'Manning's old friend Proctor-Gould was in Moscow and anxious to get in touch with him. Or so Manning was informed. He looked forward to the meeting. He had few friends in Moscow, none of them old friends, and no friends at all, old or new, in Moscow or anywhere else, called Proctor-Gould . . .'
Paul Manning, a young Englishman working on his thesis in Soviet-era Moscow, takes on a part-time job as interpreter for the enigmatic Gordon Proctor-Gould, ostensibly an honest businessman, but possibly involved in more clandestine activities. When Proctor-Gould falls for the mercurial blonde Raya, Manning finds himself in the awkward position of acting as interpreter in their love affair, a situation made even more awkward by Manning's own feelings for her. And when it begins to appear Raya may be a police spy, Manning realizes he may have gotten himself into more than he bargained for ...
Featuring an unusual blend of humor and suspense, Michael Frayn's second novel, The Russian Interpreter (1966), was inspired in part by the author's own experiences in Communist Russia and won the Hawthornden Prize as the best work of imaginative fiction published that year. This edition includes a new introduction by the author.
'Altogether a notable book ... Frayn is now our best equipped younger prose-writer as well as being a very sane and very funny one.' - Times Literary Supplement
'Imaginative and delightful - zany characters who stick in the memory and have a genuine life of their own. Frayn juxtaposes the humorous and the frankly sinister into a satisfying and witty picture.' - Sunday Telegraph
'Full of quirky, quixotic surprises ... will catch your curiosity and convert it into admiration.' - Kirkus Reviews (starred review)
"synopsis" may belong to another edition of this title.
The Russian Interpreter is a story about Raya, a mercurial Moscow blonde who speaks no English, and the affair she is embarking upon with Gordon Proctor-Gould, a visiting British businessman who speaks no Russian. They need an interpreter; which is how Paul Manning is diverted from writing his thesis at Moscow University to become involved in all the deceptions of love and East-West relations.
After the death of Stalin in 1952, the Soviet Union opened its doors to the rest of the world and Michael Frayn was one of the first foreign students to enter the country. Drawing on his experience at Moscow University in the late 1950s, he brilliantly captures a country still recovering from the Second World War, racked with suspicion and intrigue, at once harsh and easy-going, lethargic and labour-intensive.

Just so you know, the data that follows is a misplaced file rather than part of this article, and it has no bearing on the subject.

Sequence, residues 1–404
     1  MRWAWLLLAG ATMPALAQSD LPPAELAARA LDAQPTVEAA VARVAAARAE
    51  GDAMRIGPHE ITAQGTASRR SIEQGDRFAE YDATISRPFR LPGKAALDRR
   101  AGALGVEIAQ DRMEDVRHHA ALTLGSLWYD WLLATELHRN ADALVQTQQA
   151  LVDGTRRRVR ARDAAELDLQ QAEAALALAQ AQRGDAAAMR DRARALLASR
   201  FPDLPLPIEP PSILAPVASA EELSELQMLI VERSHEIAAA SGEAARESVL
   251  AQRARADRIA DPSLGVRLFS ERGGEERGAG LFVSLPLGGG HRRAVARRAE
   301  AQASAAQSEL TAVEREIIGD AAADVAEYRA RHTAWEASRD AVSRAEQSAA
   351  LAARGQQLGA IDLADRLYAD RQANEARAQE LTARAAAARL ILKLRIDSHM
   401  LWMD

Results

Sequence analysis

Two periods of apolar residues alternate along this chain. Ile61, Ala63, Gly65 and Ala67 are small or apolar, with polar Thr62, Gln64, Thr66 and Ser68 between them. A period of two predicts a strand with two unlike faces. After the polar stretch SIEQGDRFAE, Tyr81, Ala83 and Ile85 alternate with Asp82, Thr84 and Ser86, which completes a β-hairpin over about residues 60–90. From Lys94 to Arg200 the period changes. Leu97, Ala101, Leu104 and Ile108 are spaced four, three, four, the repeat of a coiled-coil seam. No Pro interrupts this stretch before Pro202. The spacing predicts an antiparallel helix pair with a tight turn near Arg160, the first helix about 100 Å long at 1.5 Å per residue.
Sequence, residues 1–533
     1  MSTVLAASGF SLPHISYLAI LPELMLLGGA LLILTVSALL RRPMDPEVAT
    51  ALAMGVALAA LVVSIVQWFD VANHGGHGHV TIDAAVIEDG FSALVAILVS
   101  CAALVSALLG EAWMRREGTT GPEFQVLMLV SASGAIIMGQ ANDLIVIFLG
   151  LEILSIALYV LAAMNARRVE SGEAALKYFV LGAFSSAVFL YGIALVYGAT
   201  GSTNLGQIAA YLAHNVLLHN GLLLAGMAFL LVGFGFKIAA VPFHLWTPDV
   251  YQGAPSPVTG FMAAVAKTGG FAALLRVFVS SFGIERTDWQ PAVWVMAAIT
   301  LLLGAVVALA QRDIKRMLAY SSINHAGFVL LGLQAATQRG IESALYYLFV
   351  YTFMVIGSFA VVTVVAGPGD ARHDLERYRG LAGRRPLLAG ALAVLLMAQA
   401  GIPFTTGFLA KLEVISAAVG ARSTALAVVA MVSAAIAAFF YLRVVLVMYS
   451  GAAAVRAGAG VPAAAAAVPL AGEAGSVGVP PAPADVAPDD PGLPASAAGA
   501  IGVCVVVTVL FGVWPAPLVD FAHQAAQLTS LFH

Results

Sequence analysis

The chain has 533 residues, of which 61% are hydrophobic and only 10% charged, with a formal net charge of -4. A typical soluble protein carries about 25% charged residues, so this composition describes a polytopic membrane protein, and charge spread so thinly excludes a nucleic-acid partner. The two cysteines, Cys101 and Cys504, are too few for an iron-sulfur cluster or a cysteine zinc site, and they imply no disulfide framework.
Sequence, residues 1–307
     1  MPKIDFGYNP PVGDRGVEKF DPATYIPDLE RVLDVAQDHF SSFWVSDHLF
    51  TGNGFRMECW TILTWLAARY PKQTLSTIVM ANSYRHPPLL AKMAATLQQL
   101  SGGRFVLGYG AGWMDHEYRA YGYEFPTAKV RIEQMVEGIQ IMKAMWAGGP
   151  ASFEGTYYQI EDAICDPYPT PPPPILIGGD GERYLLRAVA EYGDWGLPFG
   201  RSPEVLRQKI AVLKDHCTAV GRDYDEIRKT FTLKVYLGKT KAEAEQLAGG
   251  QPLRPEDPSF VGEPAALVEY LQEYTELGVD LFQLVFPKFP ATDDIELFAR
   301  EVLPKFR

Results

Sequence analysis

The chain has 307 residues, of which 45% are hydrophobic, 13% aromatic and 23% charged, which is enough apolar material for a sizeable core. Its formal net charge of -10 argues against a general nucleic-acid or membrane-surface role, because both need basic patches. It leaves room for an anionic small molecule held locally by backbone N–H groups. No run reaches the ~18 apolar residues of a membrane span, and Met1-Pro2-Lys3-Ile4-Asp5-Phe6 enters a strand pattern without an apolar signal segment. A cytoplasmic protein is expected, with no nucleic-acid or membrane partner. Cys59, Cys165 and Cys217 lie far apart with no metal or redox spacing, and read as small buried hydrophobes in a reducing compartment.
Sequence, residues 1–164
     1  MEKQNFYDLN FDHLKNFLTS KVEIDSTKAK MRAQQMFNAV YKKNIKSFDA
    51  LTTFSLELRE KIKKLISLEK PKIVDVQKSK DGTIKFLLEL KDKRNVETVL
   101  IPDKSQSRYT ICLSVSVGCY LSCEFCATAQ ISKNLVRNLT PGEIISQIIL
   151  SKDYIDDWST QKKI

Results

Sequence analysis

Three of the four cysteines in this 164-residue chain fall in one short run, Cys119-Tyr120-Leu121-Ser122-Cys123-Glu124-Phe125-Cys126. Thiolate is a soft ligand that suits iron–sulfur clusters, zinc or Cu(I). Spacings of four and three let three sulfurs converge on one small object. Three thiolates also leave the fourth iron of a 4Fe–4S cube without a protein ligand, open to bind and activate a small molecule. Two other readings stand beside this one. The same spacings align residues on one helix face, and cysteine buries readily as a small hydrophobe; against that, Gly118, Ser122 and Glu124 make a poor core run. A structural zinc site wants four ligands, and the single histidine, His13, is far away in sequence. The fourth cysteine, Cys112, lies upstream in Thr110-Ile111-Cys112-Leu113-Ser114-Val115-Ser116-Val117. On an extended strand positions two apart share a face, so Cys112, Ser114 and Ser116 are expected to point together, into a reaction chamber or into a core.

Michael Frayn is the celebrated author of fifteen plays including Noises Off, Copenhagen and Afterlife. His bestselling novels include Headlong, which was shortlisted for the Man Booker Prize, Spies, which won the Whitbread Best Novel Award and Skios, which was longlisted for the Man Booker Prize.Product Description:
Raya is a mercurial Moscow blonde who speaks no English, and the affair she is embarking upon is with Gordon Proctor-Gould, a visiting British businessman who speaks no Russian. They need an interpreter; which is how Paul Manning is diverted from writing his thesis at Moscow university to become involved in all the deceptions of love and East-West relations.
"About this title" may belong to another edition of this title.
Book Description HarperCollins Distribution Services, 1966. Hardcover. Book Condition: Used: Good. Dust Jacket Condition: Good Jacket. 19 to 25 cm tall, Octavo, (8vo). 1st class post to the UK, Airmail worldwide. Robust packaging. Bookseller Inventory # 129593
Book Description HarperCollins Distribution Services. Hardcover. Book Condition: Very Good. 0002217090 Clean, unmarked copy. 1966 First edition Hardcover, with dust jacket- In excellent shape! I can send expedited rate if you chose; otherwise it will promptly be sent via media rate. Have any questions? Email me; I'm happy to help! Select Expedited Shipping (just $2 more) to get your book as fast as possible!. Bookseller Inventory # SKU1021010